Sebastian Edwards, 30 November 2019

In a few decades, Chile experienced dramatic economic growth and the fastest reduction of inequality in the region. Yet, many Chilean citizens feel that inequality has greatly increased. Such feelings of 'malestar' triggered the violent social unrest of October 2019. This paper explains this seeming paradox by differentiating ‘vertical’ (income) inequality from ‘horizontal’ (social) inequality. It argues that the neoliberalism that created Chile’s economic growth is no longer effective and that Chile may be headed towards adopting a welfare state model.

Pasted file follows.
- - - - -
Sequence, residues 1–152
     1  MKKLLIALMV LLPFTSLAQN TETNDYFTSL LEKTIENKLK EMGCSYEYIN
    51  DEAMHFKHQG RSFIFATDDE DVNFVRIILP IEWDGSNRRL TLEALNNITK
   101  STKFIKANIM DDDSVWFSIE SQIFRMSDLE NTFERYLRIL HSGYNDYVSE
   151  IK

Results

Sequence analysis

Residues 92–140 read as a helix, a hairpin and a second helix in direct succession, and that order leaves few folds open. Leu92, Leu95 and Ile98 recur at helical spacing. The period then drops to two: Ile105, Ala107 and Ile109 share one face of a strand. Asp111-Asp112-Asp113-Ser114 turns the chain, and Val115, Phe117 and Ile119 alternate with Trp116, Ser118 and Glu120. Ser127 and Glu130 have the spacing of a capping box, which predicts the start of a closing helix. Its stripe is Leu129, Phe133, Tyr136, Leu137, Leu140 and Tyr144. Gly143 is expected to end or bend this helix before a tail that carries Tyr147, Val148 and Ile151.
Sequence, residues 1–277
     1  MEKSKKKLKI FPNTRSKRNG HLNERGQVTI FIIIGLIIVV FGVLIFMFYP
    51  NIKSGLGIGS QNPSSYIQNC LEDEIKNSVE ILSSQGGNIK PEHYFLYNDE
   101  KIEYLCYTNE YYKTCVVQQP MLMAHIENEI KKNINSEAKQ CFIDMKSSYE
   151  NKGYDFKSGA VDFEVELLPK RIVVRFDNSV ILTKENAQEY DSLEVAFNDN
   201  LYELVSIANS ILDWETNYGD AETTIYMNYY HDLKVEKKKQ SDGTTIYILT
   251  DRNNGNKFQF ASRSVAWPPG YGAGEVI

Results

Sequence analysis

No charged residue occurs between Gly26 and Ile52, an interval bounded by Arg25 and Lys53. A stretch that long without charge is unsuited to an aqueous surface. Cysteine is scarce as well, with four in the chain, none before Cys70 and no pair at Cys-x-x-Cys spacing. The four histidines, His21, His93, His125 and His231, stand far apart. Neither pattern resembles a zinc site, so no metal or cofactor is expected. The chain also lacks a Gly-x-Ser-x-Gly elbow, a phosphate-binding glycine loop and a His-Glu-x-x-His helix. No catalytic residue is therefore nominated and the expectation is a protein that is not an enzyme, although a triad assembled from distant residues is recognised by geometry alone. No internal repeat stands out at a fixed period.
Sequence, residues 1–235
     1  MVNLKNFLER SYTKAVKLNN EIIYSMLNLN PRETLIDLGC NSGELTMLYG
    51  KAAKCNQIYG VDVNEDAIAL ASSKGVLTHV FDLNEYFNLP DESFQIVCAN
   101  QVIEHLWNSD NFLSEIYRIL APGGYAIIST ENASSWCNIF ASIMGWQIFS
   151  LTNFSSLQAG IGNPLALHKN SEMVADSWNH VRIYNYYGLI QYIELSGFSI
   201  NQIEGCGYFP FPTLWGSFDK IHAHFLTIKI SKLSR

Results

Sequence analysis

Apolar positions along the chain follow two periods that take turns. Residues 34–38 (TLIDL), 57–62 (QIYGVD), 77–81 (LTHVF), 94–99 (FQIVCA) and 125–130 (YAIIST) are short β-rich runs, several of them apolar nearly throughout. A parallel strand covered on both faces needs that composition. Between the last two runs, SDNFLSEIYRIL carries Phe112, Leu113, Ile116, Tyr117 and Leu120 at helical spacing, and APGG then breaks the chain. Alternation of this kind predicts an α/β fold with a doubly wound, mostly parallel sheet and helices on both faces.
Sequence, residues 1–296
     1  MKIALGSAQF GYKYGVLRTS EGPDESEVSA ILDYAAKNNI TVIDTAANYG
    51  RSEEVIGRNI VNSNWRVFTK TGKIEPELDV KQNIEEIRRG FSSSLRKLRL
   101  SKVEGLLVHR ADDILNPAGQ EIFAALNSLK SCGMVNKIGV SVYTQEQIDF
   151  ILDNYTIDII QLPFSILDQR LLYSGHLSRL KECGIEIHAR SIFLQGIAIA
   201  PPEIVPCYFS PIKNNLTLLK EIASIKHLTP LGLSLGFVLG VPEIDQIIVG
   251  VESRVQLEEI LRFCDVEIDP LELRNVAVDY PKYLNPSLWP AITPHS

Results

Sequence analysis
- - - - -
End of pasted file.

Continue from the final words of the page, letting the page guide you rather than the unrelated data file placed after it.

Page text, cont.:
John Helliwell, Christopher Barrington-Leigh, Anthony Harris, Haifang Huang, 24 April 2010

What accounts for life satisfaction differences across countries? This column presents new findings from the Gallup World Poll of more than 140,000 respondents worldwide. It suggests the happiest nations are those with strong social support from family and friends, freedom in making life choices, and low levels of corruption.

CEPR Policy Research